Obama sets tone of tolerance, diversity with convention speech

Thursday, Jul 28, 2016,16:01 IST By Metrovaartha A A A

Philadelphia | His eyes moist with tears, Barack Obama at today’s Democratic national convention was a picture of poise and maturity as he recalled being so young that first time in Boston addressing the gathering 12 years ago.

The latest of the American president’s key speeches endorsing party presidential nominee Hillary Clinton had applause erupting after almost every pause he took at a sports arena here that had barely a seat empty, in a reminder why he beat her in 2008.

So 12 years ago tonight I addressed this convention for the very first time, he said, adding how Americans were also introduced to his daughters Malia and Sasha who are now two amazing young women and wife Michelle who somehow hasn’t aged a day. I know, the same cannot be said for me. My girls remind me all the time. Wow, you’ve changed so much, daddy. And then they try to clean it up. Not bad, just more mature. And it’s true, I was so young that first time in Boston, he recalled.

Obama’s speeches are known for their vignettes of intimately personal narratives and sweeping visions of America, and his fiery 45-minute speech today, seen by many as a valedictory coda to his 2004 debut, was nothing short of it. It was a result of six drafts and a few late nights, according to White House officials, who added that the president had begun working on it in June and the first draft was ready on July 18. He even stayed up until 3:30 am on Monday revising it, the same day when his wife Michelle wowed the audience on the first day of the convention, moving delegates to tears and proving to be the ‘perfect Trump antidote’.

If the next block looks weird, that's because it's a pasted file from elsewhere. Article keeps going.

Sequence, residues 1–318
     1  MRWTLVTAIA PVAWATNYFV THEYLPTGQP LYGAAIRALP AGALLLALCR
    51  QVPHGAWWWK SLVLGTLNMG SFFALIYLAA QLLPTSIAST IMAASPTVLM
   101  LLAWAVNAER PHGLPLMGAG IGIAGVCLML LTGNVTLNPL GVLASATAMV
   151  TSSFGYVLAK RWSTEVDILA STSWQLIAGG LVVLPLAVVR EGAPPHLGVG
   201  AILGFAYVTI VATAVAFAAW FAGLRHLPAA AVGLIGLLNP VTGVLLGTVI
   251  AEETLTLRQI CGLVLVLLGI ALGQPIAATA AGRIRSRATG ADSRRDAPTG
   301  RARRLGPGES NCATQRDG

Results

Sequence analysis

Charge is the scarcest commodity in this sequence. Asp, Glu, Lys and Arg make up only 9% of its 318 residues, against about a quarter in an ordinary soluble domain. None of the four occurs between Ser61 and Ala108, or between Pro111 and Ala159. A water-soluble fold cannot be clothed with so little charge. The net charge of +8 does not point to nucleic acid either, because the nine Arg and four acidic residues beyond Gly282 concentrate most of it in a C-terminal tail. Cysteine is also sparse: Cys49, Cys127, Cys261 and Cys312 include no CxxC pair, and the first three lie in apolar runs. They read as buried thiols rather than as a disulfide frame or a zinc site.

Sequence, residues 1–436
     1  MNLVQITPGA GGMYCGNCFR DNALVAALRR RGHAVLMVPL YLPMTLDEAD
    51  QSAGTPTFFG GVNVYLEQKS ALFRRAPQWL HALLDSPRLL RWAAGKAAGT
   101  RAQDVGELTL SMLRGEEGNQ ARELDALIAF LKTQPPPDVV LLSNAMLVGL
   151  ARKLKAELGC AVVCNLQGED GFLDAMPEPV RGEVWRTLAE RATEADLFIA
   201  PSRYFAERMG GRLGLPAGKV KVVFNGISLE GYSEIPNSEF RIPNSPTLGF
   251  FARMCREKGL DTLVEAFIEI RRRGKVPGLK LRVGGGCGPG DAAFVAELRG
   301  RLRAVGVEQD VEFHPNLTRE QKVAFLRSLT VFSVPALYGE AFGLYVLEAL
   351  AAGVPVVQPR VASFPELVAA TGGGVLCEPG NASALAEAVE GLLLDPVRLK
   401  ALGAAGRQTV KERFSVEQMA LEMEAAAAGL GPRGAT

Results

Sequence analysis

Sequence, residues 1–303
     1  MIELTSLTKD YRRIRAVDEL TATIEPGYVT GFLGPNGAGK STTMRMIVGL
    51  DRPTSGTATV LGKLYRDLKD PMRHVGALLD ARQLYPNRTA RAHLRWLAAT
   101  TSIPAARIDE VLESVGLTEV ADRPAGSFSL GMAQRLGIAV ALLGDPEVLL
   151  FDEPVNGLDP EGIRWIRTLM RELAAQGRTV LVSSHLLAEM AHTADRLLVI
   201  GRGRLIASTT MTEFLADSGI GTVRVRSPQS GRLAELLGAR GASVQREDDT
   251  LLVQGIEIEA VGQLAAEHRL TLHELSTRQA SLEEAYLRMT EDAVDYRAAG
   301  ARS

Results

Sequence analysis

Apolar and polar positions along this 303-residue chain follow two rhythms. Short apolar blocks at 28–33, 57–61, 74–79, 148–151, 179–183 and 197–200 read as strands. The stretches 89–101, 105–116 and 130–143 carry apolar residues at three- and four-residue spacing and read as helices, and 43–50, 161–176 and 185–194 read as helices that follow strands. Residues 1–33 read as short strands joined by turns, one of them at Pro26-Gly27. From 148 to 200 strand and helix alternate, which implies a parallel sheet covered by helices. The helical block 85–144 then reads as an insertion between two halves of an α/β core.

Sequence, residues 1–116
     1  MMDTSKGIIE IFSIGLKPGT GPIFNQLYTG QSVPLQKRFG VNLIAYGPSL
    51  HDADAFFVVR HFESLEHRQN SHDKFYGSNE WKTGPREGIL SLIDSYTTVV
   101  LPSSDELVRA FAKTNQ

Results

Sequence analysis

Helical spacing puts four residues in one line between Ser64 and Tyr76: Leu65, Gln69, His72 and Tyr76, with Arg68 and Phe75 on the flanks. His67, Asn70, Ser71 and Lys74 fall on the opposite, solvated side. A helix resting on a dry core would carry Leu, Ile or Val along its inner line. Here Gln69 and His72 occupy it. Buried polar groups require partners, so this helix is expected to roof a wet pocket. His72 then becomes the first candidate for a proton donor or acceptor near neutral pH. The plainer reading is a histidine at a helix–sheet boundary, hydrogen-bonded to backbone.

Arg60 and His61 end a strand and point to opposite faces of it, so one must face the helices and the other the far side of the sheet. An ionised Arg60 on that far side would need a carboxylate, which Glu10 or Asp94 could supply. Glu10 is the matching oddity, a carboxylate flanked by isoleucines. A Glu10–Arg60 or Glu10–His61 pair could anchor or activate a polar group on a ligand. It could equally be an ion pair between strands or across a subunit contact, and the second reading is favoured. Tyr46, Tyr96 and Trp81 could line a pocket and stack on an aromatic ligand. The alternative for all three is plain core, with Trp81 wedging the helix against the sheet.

In his speech, Obama touched upon the developments that America has seen over the years under his presidency and staying great all the while and set a tone of tolerance, diversity as he lashed out at Trump for a divisive rhetoric. Making the case for his successor, who has already created history by becoming the first woman nominee of a major US party, Obama warned of the threat that Trump poses to the 240-year-old fabric of American democracy.

An emotional Obama, with moist eyes, appeared to have come a full circle in the country’s politics, being at the helm of affairs of some of the greatest developments. The first black president in American history reminded his countrymen why he is a once-in-a-generation figure and could beat Clinton again today. But now his last, greatest gift was to pass on the torch, The Guardian commented. It (His speech) was an elegiac piece of political theatre that contrasted with last week’s Republican convention in which a bellicose Trump, ranting in front of his own giant image, bordered on fascist satire, it said.

His speech also angered many conservative voices opposed to Trump, with CNN reporting a number of tweeted reactions. I started the evening saying for the first time I thought Trump could win. Then Obama spoke. I’m so angry at my own party right now, Erick Erickson said in a post. Michelle tweeted after the speech: That’s my man! Your truth, dignity and grace reminds us what real leadership looks like. I am always proud of our